The sufferer gets trapped on the roundabout. Each go-around piles on more stress, fatigue, and hopelessness than the last. And so it becomes ever-harder to stop the ride and get off.


The antidote to chronic stress


Once a person’s locked in a chronic stress state, remedies that help to alleviate acute stress (exercise, meditation, sleep) won’t provide the same relief. They might briefly ease the symptoms but don’t tackle the root.


Commonly, chronic stress sufferers need to make a change to their life situation, whether it’s their health, work, family, relationships, etc. This is where we lack understanding and compassion: we assume chronic sufferers people can pull themselves out of stress as acute sufferers can. We get frustrated when they don’t.


Chronic stress symptoms can be mentally, physically, and emotionally debilitating. And on top of the root-cause stressor(s), which are generally a big deal in the person’s life, the behaviors of the negative stress cycle compound the situation.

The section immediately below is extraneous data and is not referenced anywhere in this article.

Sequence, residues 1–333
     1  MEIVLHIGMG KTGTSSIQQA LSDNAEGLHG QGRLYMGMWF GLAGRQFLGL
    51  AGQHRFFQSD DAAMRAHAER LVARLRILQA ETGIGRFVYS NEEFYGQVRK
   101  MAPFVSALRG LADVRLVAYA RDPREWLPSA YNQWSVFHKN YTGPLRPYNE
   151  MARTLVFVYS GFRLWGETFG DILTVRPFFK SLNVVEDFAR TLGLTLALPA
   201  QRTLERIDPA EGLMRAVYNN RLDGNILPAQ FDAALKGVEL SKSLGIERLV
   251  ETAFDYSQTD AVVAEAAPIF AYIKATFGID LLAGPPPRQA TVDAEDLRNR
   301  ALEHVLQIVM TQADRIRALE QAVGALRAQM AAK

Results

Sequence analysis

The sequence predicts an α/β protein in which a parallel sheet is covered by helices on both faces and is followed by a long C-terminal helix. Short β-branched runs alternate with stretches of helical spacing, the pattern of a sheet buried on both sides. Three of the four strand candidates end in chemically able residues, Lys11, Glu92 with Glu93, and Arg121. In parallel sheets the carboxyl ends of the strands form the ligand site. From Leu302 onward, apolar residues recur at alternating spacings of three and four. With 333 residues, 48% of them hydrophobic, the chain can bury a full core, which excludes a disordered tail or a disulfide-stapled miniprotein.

Moreover, chronic stress is a gateway to health problems. Not only is it a superhighway for illness – you’re 20% more likely to get colds and flu when you’re stressed – you’re also much more likely to tip into depression as the chemical imbalance begins to impede the flow of serotonin, the happy hormone.


So for those who have felt tense, wound-up, shut-down, or otherwise stressed for a period of weeks or months, you may be suffering chronic stress. When people tell you you can sleep or meditate your way out of it, it’s unlikely. You need to talk it out, look to the root, and make the kind of meaningful changes that’ll treat your condition, not its symptoms.

You need to engage some help – and at Soken that’s a huge part of what we do. As part of workplace wellness, we look after employees from all angles, providing programs of change that fit around lifestyle factors and make a real difference.